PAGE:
• Installation of pressure reducing valve (set per NFPA 13 requirements)
  • Air in the piping system

During each of the preliminary surge tests, the piping system moved dramatically in response to the rapid introduction of water flow and increase in pressure. However, as expected, the magnitude of the piping system's response to the induced surge was clearly dampened for tests that included a pressure reducing valve and those when the piping system was "water solid" (i.e., with no introduced air).

For all but one of the preliminary surge test sequences, the piping system (including with loosened couplings) maintained the system pressure boundary and did not separate or even leak. However, during one of the surge tests, the test coupling catastrophically separated. (See Figure 4.) It was noted that striations similar to those observed on the actual separated pipe were also created on the pipe from the test.

The factors present at the time of the coupling separation during the preliminary surge testing included: 1. "finger-tight" coupling bolts, 2. no pressure reducing valve, and 3. air introduced into the piping system. When only one or two of these factors were present, the coupling did not separate.

Based on the results of the preliminary surge test series, subsequent surge testing was performed varying coupling bolt torque, installing a compliant pressure reducing valve, and introducing air in the sprinkler system piping. Again, the coupling separated only when all of the above three conditions were present.

Sprinkler systems have a deserved history of reliable and durable performance. This investigation supports this reputation. However, when failures do occur, the lessons learned from related investigations can provide useful knowledge to fire protection professionals.

The fundamental cause of this coupling separation was the improper installation of a mechanical coupling. Specifically, the bolts of the coupling were left finger tight when originally installed. While the lack of a PRV and accumulated air in the system also contributed to this particular occurrence, these factors would have been inconsequential but for the loose coupling bolts.

The use of a torque wrench by sprinkler system installers is unusual, and traditional rolled-groove couplings do not have a visual tell-tale, such as break-away bolt heads, to assure minimum torque is reached. Fire protection engineers should recognize that the absence of a gap between mating coupling surfaces is not a reliable indicator that the specified bolt tightness has been achieved. (For example, the gap on this coupling tested completely closed when less than 10 percent of the required bolt torque was applied.)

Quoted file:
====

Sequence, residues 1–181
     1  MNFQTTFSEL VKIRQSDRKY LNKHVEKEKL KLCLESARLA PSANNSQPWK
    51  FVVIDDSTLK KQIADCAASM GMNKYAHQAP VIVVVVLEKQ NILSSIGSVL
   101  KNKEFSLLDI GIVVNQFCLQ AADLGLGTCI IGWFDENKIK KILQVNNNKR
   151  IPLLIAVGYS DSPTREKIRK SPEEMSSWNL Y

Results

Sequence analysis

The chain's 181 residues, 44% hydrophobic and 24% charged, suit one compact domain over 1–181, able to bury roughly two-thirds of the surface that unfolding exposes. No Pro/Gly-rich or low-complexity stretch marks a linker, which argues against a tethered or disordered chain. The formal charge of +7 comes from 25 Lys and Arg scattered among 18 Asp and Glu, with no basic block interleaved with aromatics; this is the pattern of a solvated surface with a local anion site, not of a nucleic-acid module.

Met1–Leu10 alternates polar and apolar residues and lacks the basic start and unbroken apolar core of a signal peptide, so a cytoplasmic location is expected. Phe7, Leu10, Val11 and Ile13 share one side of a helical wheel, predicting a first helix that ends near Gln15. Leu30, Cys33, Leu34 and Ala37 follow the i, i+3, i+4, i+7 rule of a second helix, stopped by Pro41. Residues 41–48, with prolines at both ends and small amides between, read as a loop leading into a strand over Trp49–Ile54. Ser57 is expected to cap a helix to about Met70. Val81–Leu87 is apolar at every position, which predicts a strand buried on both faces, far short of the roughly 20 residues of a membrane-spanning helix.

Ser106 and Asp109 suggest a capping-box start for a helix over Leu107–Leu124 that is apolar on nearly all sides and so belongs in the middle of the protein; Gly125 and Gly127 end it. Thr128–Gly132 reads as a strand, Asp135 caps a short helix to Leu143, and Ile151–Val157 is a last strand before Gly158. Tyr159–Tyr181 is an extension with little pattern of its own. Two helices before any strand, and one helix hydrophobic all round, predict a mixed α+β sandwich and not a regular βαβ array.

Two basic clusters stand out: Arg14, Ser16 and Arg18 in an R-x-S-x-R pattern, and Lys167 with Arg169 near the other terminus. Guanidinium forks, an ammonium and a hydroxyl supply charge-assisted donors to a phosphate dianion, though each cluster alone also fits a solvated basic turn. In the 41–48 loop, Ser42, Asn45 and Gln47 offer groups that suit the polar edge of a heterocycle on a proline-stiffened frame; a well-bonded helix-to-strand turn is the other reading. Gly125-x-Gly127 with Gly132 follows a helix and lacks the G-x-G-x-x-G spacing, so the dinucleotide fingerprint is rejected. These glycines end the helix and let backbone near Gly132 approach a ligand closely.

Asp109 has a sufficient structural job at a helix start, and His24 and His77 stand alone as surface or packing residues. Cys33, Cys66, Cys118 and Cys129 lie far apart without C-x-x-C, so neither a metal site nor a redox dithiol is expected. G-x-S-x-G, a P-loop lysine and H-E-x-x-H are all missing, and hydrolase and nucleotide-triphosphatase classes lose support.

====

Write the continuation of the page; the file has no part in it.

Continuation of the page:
Further, while counterintuitive, the hydrostatic testing requirements of NFPA 13 may not reveal improperly installed couplings, including those that are only "finger-tight."

Notwithstanding the above, rolledgroove mechanical couplings are well accepted and reliably used in the fire protection industry. Overall, the testing conducted in this investigation supports this comfortable reliance. Even when the coupling bolts were installed with significantly less torque than specified, the couplings performed well and did not separate or leak when subjected to this surge test protocol.

The sole purpose of this investigation was to review a discrete and specific set of potential factors on a particular coupling configuration and separation, and the related information should not be considered a general review of coupling performance. However, it is somewhat instructive on a practical level that there were more than 350 opportunities for a coupling to separate during the surge testing, yet the only separations or leaks that occurred were with couplings that were "finger-tight." This outstanding performance, as well as the rarity of coupling separations generally in fire protection systems, is clearly due to the robust design of the coupling and diligent installers. Nevertheless, installation oversights can occur. Fire protection engineers in conjunction with the installing contractor should give appropriate consideration to specific methods to assure the tightness of coupling bolts in accordance with manufacturer's requirements.

Mr. Duane Johnson, Fire Protection Engineering student at the University of Maryland, is specially acknowledged for his assistance in constructing the replicated system and conducting of the testing. Also, thanks are extended to the Maryland Fire & Rescue Institute and College Park Volunteer Fire Department for use of equipment and facilities.

Daniel Arnold is with Seneca Fire Engineering, LLC.